Your place, bright and lively!

Words by Vicky Shukuroglou

Some residents from the John St/McMahon Ball Paddock site, meeting with Warren (NSC Biodiversity Officer) and Vicky (Nillumbio)

You are invited to join in and revitalise your neighbourhood, bringing buzz and colour closer.

In response to the City Nature Challenge (an international competition encouraging people to look for wildlife in cities), Nillumbio has developed a collaborative project. The project focuses on four sites as ‘beacons’ for what’s possible when people work together with a shared vision. 

Each site is distinct, with unique qualities and connection to the community. The four sites are Hurstbridge Memorial Park in the area of Ann’s wetland, John St through to McMahon Ball Paddock in Eltham, Tadema Reserve, and Eltham East Primary School. 

On the weekend of April 29 and 30, residents of the wider area are invited to gather and discover something fascinating about local plants and animals – those that currently live here, and those that once did. The process will be supported by expert ecologists sharing important insights, with a site-specific focus. No experience is needed to participate!

We all rely on insects, but for some animals, insects are their primary food. As echidnas dig for ants, they improve soil health and create the right conditions for many plants to thrive.

Participants will gain a better understanding of indigenous biodiversity, its values, and key threats to its vitality. We will also discuss the significance of habitat connectivity and ways we can all make a difference to ensure widespread reinvigoration and, in turn, greater resilience. This is critical given the impacts of climate change, urbanisation, invasive species, and more. All present will then have the opportunity to learn about some key approaches for observing, taking photos, and keeping records of plants, animals, and fungi. The use of iNaturalist will be supported.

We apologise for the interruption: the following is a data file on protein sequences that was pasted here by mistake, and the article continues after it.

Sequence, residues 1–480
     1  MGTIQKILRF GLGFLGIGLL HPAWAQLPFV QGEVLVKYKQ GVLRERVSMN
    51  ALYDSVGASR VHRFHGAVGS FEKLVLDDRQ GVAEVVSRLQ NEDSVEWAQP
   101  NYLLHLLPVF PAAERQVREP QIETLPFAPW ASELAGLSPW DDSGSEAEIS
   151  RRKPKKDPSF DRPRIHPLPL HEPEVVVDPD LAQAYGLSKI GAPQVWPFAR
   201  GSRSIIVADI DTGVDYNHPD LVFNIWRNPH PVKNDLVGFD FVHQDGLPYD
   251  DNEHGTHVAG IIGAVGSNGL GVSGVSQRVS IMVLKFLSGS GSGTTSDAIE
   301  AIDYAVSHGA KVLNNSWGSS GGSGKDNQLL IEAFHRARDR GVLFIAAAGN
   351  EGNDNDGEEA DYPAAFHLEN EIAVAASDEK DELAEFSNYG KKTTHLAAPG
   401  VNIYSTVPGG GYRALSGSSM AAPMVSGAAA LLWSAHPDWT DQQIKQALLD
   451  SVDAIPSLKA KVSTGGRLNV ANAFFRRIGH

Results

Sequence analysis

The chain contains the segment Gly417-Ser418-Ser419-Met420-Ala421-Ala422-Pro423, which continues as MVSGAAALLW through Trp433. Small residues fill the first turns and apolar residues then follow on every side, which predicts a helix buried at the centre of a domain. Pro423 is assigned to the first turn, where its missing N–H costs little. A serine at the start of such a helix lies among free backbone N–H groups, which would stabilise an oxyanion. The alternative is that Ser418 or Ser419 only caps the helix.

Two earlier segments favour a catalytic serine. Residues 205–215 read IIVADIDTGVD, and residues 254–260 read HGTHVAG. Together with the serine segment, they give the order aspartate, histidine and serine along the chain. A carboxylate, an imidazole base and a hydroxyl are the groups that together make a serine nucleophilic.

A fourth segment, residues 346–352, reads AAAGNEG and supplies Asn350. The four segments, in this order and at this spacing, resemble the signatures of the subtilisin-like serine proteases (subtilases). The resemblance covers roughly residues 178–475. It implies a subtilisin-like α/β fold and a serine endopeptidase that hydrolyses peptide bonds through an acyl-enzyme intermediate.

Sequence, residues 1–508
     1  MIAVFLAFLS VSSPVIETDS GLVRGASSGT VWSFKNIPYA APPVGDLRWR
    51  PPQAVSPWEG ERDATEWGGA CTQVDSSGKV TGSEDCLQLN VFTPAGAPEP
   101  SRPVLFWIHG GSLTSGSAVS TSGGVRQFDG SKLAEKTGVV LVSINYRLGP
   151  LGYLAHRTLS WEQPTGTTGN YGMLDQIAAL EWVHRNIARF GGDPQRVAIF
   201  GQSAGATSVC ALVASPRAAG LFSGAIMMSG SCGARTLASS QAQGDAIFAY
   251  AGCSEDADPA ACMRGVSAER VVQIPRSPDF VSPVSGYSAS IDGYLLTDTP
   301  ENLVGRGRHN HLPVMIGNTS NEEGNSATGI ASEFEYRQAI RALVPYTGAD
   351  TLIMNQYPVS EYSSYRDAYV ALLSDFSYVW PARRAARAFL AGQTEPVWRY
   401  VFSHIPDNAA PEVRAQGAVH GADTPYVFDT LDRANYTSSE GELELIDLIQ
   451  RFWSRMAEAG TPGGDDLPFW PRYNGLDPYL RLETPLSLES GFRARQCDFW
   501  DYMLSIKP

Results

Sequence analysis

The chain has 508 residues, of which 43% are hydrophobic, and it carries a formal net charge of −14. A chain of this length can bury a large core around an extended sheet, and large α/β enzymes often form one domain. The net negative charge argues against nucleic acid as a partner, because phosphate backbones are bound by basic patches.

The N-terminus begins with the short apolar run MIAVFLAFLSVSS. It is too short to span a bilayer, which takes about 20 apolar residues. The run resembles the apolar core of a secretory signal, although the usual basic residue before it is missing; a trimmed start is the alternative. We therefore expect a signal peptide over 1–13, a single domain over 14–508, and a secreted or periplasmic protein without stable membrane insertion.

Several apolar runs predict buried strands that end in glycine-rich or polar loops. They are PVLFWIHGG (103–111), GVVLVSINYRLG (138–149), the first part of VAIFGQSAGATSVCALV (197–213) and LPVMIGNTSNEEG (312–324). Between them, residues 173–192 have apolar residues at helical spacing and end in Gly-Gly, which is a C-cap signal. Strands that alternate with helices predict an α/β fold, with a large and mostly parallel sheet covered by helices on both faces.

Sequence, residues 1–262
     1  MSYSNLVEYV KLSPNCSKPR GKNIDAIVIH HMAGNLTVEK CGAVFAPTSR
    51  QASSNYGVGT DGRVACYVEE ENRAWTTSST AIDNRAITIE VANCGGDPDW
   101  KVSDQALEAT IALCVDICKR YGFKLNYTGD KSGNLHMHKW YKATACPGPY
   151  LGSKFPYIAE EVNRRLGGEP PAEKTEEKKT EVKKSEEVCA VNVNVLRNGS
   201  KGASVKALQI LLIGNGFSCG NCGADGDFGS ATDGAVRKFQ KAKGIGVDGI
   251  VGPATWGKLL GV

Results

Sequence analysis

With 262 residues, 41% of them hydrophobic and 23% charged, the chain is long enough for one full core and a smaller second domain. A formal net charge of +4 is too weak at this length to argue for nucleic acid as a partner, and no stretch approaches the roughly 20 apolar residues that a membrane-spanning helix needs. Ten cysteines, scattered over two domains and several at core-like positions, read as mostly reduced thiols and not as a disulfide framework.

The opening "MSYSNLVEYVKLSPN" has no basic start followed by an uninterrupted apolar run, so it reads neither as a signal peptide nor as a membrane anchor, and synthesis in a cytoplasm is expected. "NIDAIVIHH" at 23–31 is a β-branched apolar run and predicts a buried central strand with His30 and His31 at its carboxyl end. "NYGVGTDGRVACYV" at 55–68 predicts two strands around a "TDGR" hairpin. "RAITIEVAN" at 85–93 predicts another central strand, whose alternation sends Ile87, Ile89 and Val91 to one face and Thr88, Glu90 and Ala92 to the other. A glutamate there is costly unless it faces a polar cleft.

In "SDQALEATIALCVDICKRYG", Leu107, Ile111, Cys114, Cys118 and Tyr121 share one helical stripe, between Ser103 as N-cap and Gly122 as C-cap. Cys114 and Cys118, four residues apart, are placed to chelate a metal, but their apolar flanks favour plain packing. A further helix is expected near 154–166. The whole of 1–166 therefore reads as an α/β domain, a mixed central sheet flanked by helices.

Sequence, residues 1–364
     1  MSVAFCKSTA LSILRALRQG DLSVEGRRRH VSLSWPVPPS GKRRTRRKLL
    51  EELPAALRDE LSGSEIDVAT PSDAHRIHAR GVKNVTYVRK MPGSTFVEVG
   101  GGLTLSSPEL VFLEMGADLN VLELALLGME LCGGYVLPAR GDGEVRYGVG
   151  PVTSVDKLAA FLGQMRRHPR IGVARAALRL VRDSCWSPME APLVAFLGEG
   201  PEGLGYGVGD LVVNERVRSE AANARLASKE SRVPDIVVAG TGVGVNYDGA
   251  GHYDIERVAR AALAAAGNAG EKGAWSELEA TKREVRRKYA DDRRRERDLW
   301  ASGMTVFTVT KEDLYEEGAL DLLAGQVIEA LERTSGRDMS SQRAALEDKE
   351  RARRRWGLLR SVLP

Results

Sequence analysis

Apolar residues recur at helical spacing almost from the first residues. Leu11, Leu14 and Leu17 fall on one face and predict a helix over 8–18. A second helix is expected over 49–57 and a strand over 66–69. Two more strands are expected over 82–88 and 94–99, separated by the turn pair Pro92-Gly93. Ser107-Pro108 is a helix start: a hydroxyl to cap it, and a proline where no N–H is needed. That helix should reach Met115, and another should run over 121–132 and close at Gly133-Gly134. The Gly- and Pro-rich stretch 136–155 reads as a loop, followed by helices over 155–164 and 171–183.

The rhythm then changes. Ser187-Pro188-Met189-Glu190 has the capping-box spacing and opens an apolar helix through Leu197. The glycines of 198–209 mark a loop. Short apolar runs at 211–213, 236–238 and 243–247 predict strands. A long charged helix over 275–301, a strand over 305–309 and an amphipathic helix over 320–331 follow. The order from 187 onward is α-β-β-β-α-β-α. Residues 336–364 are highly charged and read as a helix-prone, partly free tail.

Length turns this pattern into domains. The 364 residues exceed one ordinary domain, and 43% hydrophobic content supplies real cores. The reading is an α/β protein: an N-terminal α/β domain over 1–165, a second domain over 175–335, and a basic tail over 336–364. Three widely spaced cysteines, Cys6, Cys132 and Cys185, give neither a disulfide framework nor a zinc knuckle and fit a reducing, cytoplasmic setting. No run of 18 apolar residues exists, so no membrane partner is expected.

Such records are valuable for many reasons. They provide a snapshot of life in a particular area, at a particular point in time.  This can be compared in a year’s time, or a decade, or much longer. Collecting this kind of data is a brilliant way to learn about life in our backyards, nature strips, and local reserves.

This data can also tell us about what we need to do if we want greater diversity of species, and greater abundance of their populations. Creating the right conditions that will support more butterflies, frogs, echidnas, birds and many other creatures throughout Nillumbik is a primary aim. 

Frogs rely on insects. This Brown Tree Frog is out for its late night hunt.

Imagine if people around here had done this a hundred years ago – what might they have seen, and what might we learn from that? Let’s make it happen!

For this project, we are pleased to partner with a few local Friends Groups including Friends of (FO) Diamond Creek Hurstbridge, FO McMahon Ball Paddock, FO Eltham Copper Butterfly, FO Grove Street, all supported by Nillumbik Shire Council. These groups do terrific work and warmly welcome new members.To register your interest in the City Nature Challenge project or register your own neighbourhood site, please email [email protected] or visit